This is Pop, otherwise known as Jesse Jones, my great-grandfather. He came to me through my aunt, who rescued him from a termite-damaged frame in the back of my grandmother’s closet in Norco, LA. There had been collateral damage which resulted from a difficult removal from the frame. So I stabilized the cracks, filled and inpainted, and refitted the photo in its convex glass enclosure. It’s been a year since I sent the portrait back. It was my first earnest attempt at working from home, and a validating experience in that I set out to do something I normally do with watchful eyes on me. This time I was unsupervised, no training wheels.
The best part about restoring this family heirloom was the conversation that followed with my 85-year old Granny Jewell. She loved her Pop, and described him as a “rascal.” I spent many hours pondering that handsome face, wondering if he was the same tall old man I saw in my parents’ wedding photos. What had he done to make a living? What sort of traits did he pass on to his children? Why had he sat for this portrait?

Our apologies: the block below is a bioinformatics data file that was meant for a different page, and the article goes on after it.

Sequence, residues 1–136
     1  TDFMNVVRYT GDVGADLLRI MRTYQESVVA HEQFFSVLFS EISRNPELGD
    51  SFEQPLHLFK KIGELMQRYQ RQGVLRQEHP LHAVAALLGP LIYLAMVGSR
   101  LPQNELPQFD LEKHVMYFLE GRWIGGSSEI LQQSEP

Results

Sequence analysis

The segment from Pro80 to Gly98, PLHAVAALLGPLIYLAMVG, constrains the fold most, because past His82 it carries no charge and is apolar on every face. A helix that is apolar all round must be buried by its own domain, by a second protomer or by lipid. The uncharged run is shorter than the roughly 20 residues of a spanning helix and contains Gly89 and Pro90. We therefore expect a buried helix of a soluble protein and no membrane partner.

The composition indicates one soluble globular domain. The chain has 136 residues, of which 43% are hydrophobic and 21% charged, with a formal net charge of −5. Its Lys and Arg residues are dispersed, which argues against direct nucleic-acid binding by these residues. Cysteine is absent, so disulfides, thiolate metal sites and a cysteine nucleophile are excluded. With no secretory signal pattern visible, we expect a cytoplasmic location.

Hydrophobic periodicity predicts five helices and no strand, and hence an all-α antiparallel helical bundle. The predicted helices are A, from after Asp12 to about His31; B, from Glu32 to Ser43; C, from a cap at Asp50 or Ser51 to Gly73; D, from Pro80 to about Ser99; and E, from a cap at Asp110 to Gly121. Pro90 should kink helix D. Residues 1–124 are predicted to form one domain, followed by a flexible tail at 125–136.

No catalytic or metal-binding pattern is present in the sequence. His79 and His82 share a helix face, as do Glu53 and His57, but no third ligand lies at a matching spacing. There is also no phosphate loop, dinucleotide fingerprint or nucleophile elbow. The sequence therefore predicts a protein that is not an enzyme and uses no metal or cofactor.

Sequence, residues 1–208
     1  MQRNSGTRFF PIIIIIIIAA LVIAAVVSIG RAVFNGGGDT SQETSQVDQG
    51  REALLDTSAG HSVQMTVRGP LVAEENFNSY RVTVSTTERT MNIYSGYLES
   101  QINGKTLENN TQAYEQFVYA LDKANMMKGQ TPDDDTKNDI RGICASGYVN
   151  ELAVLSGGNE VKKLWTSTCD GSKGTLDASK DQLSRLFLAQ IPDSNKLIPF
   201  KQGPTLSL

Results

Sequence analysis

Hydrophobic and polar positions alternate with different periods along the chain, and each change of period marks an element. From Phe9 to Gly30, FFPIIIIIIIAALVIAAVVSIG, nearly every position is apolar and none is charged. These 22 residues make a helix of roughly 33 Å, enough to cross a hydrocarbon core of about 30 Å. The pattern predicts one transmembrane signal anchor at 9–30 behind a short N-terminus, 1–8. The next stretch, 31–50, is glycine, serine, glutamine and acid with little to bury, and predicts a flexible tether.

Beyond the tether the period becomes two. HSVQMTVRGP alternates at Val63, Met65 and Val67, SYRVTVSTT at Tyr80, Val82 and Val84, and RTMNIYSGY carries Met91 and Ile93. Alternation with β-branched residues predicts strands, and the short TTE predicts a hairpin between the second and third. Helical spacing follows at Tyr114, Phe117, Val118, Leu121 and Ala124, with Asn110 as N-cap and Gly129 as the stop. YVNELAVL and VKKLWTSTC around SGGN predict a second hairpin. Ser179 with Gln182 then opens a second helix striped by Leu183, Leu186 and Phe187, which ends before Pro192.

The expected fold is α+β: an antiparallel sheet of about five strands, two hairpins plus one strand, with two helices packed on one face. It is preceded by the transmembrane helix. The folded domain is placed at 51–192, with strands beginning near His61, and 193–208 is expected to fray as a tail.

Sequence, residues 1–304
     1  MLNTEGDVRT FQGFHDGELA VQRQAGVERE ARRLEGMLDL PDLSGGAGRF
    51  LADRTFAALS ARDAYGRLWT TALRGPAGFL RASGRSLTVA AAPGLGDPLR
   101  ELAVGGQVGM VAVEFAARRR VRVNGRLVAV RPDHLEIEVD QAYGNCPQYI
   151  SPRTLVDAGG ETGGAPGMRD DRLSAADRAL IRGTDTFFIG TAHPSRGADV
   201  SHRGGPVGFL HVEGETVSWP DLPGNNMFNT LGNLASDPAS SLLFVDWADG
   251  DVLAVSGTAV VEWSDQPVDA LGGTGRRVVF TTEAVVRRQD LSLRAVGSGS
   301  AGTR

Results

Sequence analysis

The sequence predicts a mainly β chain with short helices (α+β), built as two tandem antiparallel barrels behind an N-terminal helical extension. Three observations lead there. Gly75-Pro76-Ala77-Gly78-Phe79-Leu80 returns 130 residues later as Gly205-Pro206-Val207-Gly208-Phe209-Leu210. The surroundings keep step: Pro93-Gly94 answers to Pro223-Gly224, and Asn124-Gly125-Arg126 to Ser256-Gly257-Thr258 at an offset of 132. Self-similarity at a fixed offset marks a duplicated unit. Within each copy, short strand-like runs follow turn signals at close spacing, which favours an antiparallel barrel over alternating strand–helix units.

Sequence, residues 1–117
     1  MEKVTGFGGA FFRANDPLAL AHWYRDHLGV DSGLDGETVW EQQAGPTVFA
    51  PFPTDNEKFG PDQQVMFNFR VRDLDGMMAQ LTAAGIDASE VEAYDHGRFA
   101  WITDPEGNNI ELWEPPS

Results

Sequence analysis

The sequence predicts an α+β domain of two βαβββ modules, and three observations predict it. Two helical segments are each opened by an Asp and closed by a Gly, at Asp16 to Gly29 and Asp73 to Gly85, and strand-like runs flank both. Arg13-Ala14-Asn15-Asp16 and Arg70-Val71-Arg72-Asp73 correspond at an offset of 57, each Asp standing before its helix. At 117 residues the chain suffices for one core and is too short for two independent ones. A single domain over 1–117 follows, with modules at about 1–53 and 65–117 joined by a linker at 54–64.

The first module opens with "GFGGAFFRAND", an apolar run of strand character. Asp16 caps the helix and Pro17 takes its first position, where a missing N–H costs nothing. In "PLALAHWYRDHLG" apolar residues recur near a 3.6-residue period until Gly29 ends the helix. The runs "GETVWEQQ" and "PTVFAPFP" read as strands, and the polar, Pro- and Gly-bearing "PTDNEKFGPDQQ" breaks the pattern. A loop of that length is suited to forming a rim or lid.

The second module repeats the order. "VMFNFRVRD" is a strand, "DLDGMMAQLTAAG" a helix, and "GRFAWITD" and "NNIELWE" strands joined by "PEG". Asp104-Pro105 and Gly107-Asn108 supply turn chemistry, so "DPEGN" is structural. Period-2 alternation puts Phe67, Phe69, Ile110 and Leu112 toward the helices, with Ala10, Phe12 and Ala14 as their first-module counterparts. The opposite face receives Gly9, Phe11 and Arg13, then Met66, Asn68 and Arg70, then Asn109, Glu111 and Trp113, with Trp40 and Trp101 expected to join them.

I learned that this portrait was taken before my grandmother was born, prior to 1930. Pop had previously been married, and he and his first wife each had these studio portraits made. In those days, sales men walked door to door soliciting photos like this, which would have been printed on a domed surface, which was of course vulnerable if not framed in a special frame with convex glass. It would have been more costly than a traditional flat photo, but people liked the look of it. Pop’s first wife divorced him and moved out west, taking her own portrait with her. He stayed in Louisiana where he became acquainted with the town’s post-mistress, Anna. Soon they married and had 3 girls, one of whom is my Granny Jewell.